In a way, Canadian culture can be summarized by the country’s two favorite foods: maple syrup and poutine.
Like Canada itself, maple syrup can trace its origins to indigenous ingenuity. The Algonquins were probably the first to tap trees for the sinzibuckwud (roughly translated, “drawn from wood”) they used in cooking and spiritual ceremonies. The arrival of European colonials helped to industrialize the syrup-making process, but it didn’t dull the region’s love of working in the Great Outdoors. Today, many Canadians celebrate spring in “sugar shacks” stationed across the country; maple syrup is readily available in stores, but the residents of this active earthy nation prefer to draw their own sweet tree sap while communing with nature.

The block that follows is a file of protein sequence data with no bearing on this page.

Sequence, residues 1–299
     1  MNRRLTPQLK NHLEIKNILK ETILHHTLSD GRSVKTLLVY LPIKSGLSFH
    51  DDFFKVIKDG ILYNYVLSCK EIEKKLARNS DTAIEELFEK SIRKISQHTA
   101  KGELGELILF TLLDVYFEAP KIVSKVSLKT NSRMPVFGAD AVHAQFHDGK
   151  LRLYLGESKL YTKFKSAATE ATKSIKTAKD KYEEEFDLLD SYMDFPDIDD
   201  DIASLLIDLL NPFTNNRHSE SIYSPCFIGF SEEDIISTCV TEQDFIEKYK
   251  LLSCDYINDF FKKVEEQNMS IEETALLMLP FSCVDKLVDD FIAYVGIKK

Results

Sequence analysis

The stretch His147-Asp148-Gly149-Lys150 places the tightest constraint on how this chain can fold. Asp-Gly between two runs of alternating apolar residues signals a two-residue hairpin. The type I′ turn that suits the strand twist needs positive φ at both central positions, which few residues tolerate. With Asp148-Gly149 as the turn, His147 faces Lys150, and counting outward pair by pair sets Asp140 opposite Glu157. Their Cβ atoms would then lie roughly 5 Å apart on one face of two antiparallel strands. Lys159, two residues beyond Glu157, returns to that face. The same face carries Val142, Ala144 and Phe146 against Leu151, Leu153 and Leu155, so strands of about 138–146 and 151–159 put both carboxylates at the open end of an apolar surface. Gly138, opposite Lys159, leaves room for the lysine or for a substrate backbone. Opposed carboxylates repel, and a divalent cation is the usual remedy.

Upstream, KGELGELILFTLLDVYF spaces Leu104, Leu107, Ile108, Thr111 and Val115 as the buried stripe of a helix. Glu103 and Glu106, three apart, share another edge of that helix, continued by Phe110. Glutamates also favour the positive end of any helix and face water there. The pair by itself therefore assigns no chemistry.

Poutine, a distinctly French dish, represents the other half of Canadian culture: the tastes and innovations of European colonials. This sinful, gooey treat -- a pile of french fries drowned in heavy gravy and farm-fresh cheese curds -- originated in Quebec, and quickly became popular in Montreal and its outskirts. Many restaurants put their own unique touches on the dish, adding foie gras and caviar to pricier variations, or including a dollop of guacamole or pico de gallo for a south-of-the-border flavor in the Great White North. Poutine, like all of French Canada, offers an unusual flavor -- one that, once sampled, is simply irresistible.